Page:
Ten Years Ago: Abortion, Shame & Manic Me.

I didn’t know how I’d feel after sharing my last entry, and in part it was an experiment, I’m working on a memoir at present and when published so much of my life, and the hidden shame of it, will be public, open to scrutiny and appraisal. This blog is a test run, to see how I cope with such open access to my most personal struggles, and the invitation this brings for comment and query. So far people have been very kind, and when I read comments about being brave or having courage to share such personal experiences it’s hard to accept, I don’t feel brave, in many way’s I feel quite selfish, as this journey through writing is mainly about helping myself, not to be the best writer I can be, but to be the best of me. I’m writing as a form of self-help, and so far that writing has been solely for my benefit and viewing, I do hope that going public with my experiences may help others in some shape or form though, by illuminating my experience I hope to reach others in the dark, to show it’s possible to reclaim the power that shame eroded and destroyed, to turn something ugly into something beautiful, I call it the alchemy of affliction.

“It is easy to be brave from a safe distance.” AESOP

Posting my last piece was also a statement to myself, this year you will acknowledge this, this year you will welcome the feelings the date brings, you will not deny, distort or cover it up with blind optimism. This year you are allowed to feel whatever you feel, and I did. June 11th will always be significant, as significant as any birth or death. It’ll always be the day I choose to end two lives, the day that nearly ended my life too, the day where my dark side opened up and asked me to follow, the day when hope started to fade and the colour of life too. I’m painfully aware from reading journal entries of this time how I was avoiding my true feelings. I write so flippantly about it all which makes me shake my head and exhale abruptly, and when I read the brief words, ‘went ok at hospital, feels right, so that’s reassuring, no guilt, thanks cosmos’, I smile, a knowing smile resigned to what is to come. I feel sadness for that person, the one trying to put on a brave face and be the positive and optimistic person she’s always been. I always cope, I always find a way forward, there is so much going on as I attempt to take control and direct my life again, reading between the lines tells a much different picture, and the years that follow certainly validate that. As I read the efforts I’m making in manic fashion to establish some life for myself, some belonging and purpose I can’t help but laugh a little, I know where this will end, at the time I had no idea of the places my life would take me, and the mask of optimism was so firmly in place that I couldn’t even admit there was any pain, that effort at denial only delayed the reaction, but it was already in process, like a goaded bull, there was no stopping now.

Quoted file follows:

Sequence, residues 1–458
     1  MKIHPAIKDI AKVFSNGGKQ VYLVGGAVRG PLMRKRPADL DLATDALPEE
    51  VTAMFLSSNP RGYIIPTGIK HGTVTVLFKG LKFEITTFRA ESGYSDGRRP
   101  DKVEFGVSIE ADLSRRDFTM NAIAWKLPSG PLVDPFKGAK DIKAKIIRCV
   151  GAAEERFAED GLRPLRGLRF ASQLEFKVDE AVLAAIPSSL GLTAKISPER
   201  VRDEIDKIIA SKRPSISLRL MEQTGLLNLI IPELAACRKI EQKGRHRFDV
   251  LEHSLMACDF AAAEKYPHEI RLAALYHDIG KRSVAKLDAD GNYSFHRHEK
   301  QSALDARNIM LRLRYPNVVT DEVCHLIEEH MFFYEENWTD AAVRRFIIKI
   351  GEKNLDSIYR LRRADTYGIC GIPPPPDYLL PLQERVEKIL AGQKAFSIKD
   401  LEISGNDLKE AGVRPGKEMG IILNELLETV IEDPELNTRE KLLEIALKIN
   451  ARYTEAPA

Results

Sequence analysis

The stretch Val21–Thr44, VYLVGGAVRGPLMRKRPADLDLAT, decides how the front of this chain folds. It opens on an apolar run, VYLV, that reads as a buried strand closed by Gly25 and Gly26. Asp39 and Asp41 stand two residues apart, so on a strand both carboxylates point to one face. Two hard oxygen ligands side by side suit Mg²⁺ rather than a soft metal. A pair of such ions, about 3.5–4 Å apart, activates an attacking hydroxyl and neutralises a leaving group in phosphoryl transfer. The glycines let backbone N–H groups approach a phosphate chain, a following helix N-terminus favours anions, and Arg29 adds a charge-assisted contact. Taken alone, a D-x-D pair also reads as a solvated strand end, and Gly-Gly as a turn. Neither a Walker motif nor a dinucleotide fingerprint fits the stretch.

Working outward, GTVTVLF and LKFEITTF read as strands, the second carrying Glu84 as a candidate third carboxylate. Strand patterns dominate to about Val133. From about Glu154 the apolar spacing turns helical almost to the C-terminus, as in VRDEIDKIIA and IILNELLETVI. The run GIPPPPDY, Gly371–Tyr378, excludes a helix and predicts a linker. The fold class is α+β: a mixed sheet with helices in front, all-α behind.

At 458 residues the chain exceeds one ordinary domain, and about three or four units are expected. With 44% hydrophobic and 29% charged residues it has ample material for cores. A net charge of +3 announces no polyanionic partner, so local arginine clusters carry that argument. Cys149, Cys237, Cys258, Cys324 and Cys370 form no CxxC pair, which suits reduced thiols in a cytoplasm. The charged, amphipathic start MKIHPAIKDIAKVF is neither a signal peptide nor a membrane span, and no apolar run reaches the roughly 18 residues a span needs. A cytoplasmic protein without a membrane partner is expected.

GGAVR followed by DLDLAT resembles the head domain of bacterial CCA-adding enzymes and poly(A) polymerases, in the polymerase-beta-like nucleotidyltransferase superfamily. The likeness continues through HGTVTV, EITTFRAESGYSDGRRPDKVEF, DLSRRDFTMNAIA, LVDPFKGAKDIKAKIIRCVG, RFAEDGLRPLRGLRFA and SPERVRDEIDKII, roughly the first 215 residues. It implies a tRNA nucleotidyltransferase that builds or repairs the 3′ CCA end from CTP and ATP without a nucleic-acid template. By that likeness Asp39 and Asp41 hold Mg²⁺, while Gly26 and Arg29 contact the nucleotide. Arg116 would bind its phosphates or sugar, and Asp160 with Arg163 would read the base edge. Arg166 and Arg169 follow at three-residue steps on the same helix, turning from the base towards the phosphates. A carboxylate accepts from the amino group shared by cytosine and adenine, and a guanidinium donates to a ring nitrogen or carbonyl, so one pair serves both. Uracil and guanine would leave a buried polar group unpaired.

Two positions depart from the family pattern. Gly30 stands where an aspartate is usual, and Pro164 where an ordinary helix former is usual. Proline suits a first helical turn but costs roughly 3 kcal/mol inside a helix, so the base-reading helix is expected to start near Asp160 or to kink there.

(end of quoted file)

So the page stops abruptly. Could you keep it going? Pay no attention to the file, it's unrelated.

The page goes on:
“If fate means you to lose, give him a good fight anyhow.” William McFee (1916)

I’m currently in therapy to try and navigate emotional issues related to my personal relationships and future plans, all of which is so heavily influenced by the past, my past, and the unresolved conflicts that’ve been bubbling away, like molten rock, the lava swells and an eruption is inevitable. When I first got free of opiates I felt I’d succeeded, I’d conquered the beast and felt the future was mine again, that I’d no longer be dominated by the past, I was free, and also naïve to think I was cured or healed, when in reality that was the foundation from which to explore the issues that addiction and dependency had kept stunted and stifled, my emotional maturation was delayed, and there was much work still to do, I may have been free of dependency but I wasn’t free of my issues.